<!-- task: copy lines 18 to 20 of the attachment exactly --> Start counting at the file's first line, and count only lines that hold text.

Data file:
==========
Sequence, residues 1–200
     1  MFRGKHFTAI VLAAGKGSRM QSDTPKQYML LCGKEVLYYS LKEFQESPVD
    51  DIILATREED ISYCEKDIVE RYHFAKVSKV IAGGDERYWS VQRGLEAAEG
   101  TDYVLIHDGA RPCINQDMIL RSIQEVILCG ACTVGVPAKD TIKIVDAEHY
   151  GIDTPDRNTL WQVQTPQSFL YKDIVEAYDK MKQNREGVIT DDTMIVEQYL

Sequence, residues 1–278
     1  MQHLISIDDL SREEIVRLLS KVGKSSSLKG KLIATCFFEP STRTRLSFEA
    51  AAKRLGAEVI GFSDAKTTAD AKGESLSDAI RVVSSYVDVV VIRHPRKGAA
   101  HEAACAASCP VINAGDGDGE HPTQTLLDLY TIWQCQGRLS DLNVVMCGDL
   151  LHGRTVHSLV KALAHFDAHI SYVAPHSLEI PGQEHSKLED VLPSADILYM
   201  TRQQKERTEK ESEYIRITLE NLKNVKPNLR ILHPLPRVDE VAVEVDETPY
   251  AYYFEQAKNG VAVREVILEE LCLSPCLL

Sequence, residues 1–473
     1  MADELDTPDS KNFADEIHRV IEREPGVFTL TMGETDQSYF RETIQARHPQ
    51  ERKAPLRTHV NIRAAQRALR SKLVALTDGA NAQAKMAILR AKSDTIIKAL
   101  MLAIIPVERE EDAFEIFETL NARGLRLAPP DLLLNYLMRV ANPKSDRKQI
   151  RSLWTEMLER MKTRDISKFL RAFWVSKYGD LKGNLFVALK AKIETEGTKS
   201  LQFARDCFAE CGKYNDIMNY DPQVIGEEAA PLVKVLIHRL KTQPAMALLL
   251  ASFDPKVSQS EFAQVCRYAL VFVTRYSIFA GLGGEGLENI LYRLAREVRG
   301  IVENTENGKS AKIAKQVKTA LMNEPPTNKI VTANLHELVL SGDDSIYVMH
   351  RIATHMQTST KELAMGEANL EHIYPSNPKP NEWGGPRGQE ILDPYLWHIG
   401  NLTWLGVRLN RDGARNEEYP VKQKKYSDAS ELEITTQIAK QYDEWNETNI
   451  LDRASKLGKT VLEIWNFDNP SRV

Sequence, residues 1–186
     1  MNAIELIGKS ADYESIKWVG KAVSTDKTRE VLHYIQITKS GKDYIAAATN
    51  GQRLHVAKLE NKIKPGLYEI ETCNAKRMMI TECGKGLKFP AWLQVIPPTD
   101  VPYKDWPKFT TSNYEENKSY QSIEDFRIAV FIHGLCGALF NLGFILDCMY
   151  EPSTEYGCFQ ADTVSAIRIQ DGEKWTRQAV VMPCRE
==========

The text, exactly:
   201  LQFARDCFAE CGKYNDIMNY DPQVIGEEAA PLVKVLIHRL KTQPAMALLL
   251  ASFDPKVSQS EFAQVCRYAL VFVTRYSIFA GLGGEGLENI LYRLAREVRG
   301  IVENTENGKS AKIAKQVKTA LMNEPPTNKI VTANLHELVL SGDDSIYVMH